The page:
Crop age calculated during five satellite passes was plotted against the truncated RVI. The high polynomial relationship was observed with R2 more than 0.55 as shown in Fig. 10. Other ground measured parameters against crop age gives similar relationship as obtained by Radarsat- 2 plots.

Fig. 10

Plant Age vs truncated RVI (y = -2E-05x2 + 0.0039x + 0.1376) extracted from Sentinel-1 VV-VH polarizations

Polarimetric RVI relationship with crop growth variables

Polarimetric RVI was calculated using single look complex quad polarimetric Radarsat-2 datasets containing both phase and amplitude information. The sensitivity of polarimetric RVI towards various biophysical parameters of bajra crop were tested. Polarimetric RVI shows higher saturation level for all the crop variables when compared with truncated and actual RVI. Here RVI increases linearly as crop grows till 6 kgm−2 with R2 above 0.7 and beyond that it starts to saturate as shown in Fig. 11a. The similar linear trend is observed with dry biomass showing an R2 of 0.6 Fig. 11b. RVI having higher sensitivity towards VWC shows polynomial relationship with R2 above 0.7 Fig. 11c. Polarimetric RVI increases with increase in LAI even in advanced crop growth stages as indicated in Fig. 11d, as NDVI becomes saturated after a level of growth in crop. RVI shows linear trend with plant density and plant height with R2 of 0.75 and 0.6 as seen in Fig. 11f, g. Polarimetric RVI shows higher sensitivity towards plant volume with R2 above 0.7 (Fig. 11e). Crop age shows good polynomial trend with polarimetric RVI proving its potential in finding showing date of crop.

Fig. 11

Polarimetric RVI relationship with various biophysical parameters: aWet Biomass vs RVI (y = 1E-10x2 + 4E-05x + 0.3537), b Dry Biomass vs RVI (y = -2E-08x2 + 0.0002x + 0.3771), c VWC vs RVI (y = -3E-09x2 + 7E-05x + 0.3538), d LAI vs RVI (y = 0.0506x + 0.3698), e Plant Volume vs RVI (y = -2E-07x2 + 0.0004x + 0.3751), f Plant Density vs RVI (y = 0.0188x + 0.3407), g Plant Height vs RVI (y = -3E-06x2 + 0.002x + 0.3017), and h Plant age vs RVI (y = -2E-05x2 + 0.0059x + 0.2881)


The present study brought out the direct sensitivity of SAR towards Vegetative Water Content of crop. This will help in regular monitoring of water stress occurring in crops. The study shows the applicability of RVI for monitoring crop growth in different stages and assessing vigour of the crop. Truncated RVI from Sentinel-1 datasets has potential in monitoring crop condition in regional basis due to the wider swath coverage. Deploying high temporal repetivity of Sentinel-1 datasets helps to observe the finer RVI response and changes occurring on different crops in short span of time. RVI have the prospect of using in soil moisture models in vegetated fields as vegetation mask. Moreover, RVI can also be utilized in place of NDVI for vegetation monitoring in cloudy kharif season. For higher biomass crops during advanced growth stages, Polarimetric RVI obtained from information rich Radarsat-2 was found to be promising as HH polarizations captures higher dynamic range. This study also reveals the need of using L, S or P- band in case of higher biomass crop like pearl millet as beyond 6 kgm−2 saturation occurs in C-band. The upcoming NISAR mission gives a chance to address the saturation issue faced in higher biomass crops. The strong relationship observed between RVI and crop age will be used in predicting sowing date. The promising results shows the further applicability of this robust technique to other crops.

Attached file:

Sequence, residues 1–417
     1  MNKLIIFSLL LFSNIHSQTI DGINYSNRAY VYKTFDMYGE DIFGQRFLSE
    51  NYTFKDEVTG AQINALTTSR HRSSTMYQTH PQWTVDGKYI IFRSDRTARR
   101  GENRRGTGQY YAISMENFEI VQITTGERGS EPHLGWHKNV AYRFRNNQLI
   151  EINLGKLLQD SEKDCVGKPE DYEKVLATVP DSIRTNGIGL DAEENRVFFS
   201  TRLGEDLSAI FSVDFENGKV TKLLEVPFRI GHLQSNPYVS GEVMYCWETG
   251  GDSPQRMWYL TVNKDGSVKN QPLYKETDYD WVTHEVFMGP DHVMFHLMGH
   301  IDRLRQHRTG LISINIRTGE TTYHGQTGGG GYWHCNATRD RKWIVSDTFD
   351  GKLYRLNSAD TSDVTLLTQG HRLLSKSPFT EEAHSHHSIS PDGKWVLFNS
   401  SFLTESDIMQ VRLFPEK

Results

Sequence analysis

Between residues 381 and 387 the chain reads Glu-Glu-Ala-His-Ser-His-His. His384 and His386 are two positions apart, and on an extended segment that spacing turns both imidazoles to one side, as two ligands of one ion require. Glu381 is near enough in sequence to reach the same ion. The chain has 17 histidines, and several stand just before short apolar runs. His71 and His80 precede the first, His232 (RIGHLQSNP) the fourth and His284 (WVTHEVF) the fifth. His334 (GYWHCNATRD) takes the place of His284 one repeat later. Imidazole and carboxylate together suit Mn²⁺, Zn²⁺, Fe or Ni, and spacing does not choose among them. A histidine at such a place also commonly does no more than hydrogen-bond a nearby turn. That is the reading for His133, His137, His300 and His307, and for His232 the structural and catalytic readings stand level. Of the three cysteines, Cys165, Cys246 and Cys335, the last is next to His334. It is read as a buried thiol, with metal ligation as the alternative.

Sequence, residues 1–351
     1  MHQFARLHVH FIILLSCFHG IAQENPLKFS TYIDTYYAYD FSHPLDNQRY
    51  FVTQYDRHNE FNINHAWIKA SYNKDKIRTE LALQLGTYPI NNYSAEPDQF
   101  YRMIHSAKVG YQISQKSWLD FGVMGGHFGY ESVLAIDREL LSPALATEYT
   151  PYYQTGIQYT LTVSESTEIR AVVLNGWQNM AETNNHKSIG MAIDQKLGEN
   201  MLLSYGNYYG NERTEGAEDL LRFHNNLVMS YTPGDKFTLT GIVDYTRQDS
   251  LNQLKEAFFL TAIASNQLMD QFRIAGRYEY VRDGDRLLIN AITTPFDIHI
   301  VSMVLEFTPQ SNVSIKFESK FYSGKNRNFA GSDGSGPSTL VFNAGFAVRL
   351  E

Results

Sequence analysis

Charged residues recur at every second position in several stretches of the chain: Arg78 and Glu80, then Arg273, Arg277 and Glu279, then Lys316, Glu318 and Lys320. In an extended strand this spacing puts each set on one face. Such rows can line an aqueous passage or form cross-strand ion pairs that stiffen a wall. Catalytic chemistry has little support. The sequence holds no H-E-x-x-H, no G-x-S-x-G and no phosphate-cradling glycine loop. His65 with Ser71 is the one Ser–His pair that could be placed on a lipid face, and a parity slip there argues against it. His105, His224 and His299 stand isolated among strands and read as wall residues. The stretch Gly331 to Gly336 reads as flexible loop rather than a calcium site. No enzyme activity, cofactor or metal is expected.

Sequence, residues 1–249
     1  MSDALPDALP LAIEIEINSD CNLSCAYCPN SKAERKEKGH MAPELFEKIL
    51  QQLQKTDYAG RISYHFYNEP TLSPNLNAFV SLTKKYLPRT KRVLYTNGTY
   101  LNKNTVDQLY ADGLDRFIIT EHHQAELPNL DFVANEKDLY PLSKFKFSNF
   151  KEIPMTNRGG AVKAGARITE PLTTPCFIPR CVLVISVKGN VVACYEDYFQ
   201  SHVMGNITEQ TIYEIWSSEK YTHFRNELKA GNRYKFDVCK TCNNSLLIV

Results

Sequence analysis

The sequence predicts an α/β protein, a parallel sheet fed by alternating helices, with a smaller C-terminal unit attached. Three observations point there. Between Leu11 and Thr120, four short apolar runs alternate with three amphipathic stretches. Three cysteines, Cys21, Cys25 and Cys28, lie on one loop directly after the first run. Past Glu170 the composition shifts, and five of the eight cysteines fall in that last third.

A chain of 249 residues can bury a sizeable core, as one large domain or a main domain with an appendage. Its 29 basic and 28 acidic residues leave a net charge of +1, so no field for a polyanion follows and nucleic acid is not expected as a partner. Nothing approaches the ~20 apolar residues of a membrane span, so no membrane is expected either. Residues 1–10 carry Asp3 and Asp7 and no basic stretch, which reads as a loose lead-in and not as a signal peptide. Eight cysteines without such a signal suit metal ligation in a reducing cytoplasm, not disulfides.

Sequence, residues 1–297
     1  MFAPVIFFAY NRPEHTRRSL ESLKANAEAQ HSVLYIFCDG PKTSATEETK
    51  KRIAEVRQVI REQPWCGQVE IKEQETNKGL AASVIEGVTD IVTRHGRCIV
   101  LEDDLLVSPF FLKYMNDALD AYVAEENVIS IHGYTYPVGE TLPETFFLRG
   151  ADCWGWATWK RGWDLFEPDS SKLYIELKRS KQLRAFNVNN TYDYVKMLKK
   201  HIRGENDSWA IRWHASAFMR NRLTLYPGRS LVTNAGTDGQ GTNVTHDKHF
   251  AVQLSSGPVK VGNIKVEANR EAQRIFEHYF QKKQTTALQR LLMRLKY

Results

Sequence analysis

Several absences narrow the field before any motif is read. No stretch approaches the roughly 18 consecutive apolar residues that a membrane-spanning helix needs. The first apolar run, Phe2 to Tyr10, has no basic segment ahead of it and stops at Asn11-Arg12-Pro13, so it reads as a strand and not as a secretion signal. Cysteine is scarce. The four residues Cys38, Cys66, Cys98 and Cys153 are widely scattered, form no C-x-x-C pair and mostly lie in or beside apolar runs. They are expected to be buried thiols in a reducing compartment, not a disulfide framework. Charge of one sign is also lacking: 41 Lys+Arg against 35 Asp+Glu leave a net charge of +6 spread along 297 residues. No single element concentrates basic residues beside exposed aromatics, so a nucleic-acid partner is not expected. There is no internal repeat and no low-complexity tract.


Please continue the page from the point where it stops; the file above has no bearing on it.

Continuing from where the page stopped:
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We would like to thank European Space Agency (ESA) for providing Sentinel-1 datasets and SNAP software for RVI analysis. The research was done under SUFALAM project and we are also thankful to Indian Institute of Remote Sensing (IIRS) for providing necessary resources for carrying out this research.

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Correspondence to Shanmugapriya Selvaraj.

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Selvaraj, S., Haldar, D. & Srivastava, H.S. Condition assessment of pearl millet/ bajra crop in different vigour zones using Radar Vegetation Index. Spat. Inf. Res. (2021).

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  • Radar vegetation index
  • Biophysical parameters
  • Vegetation water content
  • Wet biomass
  • Leaf area index
  • Plant volume
  • Polarimetric RVI
  • Backscatter RVI and truncated RVI